Pivot Bio announced the launch of a microbial nitrogen seed-treatment Aug. 30, according to a company press release.
The company bills Proven 40 On-Seed and Return On-Seed as the first-ever products to deliver nitrogen-producing microbes on the seed for crops like corn, sorghum, and spring wheat.
“This class of products makes our nitrogen-producing microbes available to every grower across the United States,” says Karsten Temme, Ph.D., Pivot Bio co-founder and CEO. “There’s no special equipment required, and growers no longer must rely solely on a third-party to apply the nitrogen their crops need.”
The product is designed to enhance the crops’ potential all season long by providing a nitrogen source with no loss to leaching, denitrification, or volatilization. Unlike synthetic nitrogen, Pivot Bio’s microbes give growers confidence that this source of nitrogen reaches the crop. Pivot Bio’s microbes adhere to the root of the plant without any waste, providing nitrogen throughout the critical growing cycle.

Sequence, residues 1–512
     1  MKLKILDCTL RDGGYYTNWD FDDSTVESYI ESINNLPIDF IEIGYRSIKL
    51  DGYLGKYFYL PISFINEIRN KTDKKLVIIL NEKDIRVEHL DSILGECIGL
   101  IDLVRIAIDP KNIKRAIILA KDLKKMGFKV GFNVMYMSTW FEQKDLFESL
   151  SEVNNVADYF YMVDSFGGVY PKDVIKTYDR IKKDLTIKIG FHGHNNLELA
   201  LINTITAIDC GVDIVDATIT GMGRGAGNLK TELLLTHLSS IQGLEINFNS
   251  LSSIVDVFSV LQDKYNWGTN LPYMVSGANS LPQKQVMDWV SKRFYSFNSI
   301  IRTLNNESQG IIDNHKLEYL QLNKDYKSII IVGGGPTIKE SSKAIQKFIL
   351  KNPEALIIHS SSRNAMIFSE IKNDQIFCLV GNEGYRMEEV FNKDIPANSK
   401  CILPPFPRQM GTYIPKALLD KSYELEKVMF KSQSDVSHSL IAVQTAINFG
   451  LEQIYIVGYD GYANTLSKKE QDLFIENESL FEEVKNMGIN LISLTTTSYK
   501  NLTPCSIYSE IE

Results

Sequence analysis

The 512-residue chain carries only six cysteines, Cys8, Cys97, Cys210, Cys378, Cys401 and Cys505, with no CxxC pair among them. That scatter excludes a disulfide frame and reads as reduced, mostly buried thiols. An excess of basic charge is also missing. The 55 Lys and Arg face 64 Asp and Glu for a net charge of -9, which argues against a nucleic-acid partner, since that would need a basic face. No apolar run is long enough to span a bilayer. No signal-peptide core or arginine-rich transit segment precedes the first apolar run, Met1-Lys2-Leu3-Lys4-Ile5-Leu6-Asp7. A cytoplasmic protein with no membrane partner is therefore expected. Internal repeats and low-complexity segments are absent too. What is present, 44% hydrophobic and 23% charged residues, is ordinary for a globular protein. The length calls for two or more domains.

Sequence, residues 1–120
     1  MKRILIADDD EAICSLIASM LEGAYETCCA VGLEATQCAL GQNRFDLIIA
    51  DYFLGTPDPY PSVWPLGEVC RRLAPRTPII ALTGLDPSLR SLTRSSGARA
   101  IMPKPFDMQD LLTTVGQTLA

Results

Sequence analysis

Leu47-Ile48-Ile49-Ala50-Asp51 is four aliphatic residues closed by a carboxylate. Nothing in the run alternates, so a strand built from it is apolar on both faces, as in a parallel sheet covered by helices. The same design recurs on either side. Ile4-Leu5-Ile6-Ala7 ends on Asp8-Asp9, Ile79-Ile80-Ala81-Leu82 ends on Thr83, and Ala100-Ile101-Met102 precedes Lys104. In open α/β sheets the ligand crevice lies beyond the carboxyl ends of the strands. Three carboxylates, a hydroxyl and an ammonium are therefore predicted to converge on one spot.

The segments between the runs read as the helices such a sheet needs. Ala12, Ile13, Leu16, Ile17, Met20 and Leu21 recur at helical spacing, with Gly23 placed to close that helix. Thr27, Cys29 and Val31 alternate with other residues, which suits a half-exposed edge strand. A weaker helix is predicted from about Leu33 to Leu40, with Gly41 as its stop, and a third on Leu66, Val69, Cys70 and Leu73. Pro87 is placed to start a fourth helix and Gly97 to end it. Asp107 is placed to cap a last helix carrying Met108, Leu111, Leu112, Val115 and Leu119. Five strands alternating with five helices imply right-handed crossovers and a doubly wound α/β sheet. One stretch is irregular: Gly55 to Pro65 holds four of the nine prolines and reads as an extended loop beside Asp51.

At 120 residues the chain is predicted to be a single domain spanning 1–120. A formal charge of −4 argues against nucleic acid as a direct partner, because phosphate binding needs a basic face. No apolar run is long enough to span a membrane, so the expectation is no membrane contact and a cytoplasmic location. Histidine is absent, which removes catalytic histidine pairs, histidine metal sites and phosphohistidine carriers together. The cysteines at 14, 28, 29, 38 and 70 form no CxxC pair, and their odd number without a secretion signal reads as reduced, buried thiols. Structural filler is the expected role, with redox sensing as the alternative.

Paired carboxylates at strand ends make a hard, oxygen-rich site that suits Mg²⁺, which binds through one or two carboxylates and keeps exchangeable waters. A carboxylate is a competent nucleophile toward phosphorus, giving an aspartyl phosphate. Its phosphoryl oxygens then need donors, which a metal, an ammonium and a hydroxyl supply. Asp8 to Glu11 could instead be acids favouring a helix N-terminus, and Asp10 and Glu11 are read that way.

Pivot Bio recently a large in-plant nitrogen study conducted in a single growing season on 2,100 on-farm fields, comprising 1.3 million acres. Company data show the plants where Pivot Bio microbes were used have 14% more nitrogen in the plant and 12% more plant biomass compared to untreated plants, demonstrating the nitrogen efficacy of Pivot Bio’s products.
“Based on the demand we’ve experienced in prior years and the intense interest in our product as we open 2023 sales, it is clear to us that growers are looking for a dependable source of nitrogen,” says Temme. “We have provided a microbe-based nitrogen that is produced in the U.S. This nitrogen empowers growers to apply it at the time of planting, so they are in control in a profession where so many variables are beyond their control.”
The company says one gallon of the new products can replace the equivalent of a train car full of anhydrous ammonia fertilizer.
“Synthetic nitrogen has supported life for one hundred years, and now is the time to evolve into the next generation of crop nutrition,” says Temme. “Farmers need better nitrogen to help restore the planet and one that is more efficient.”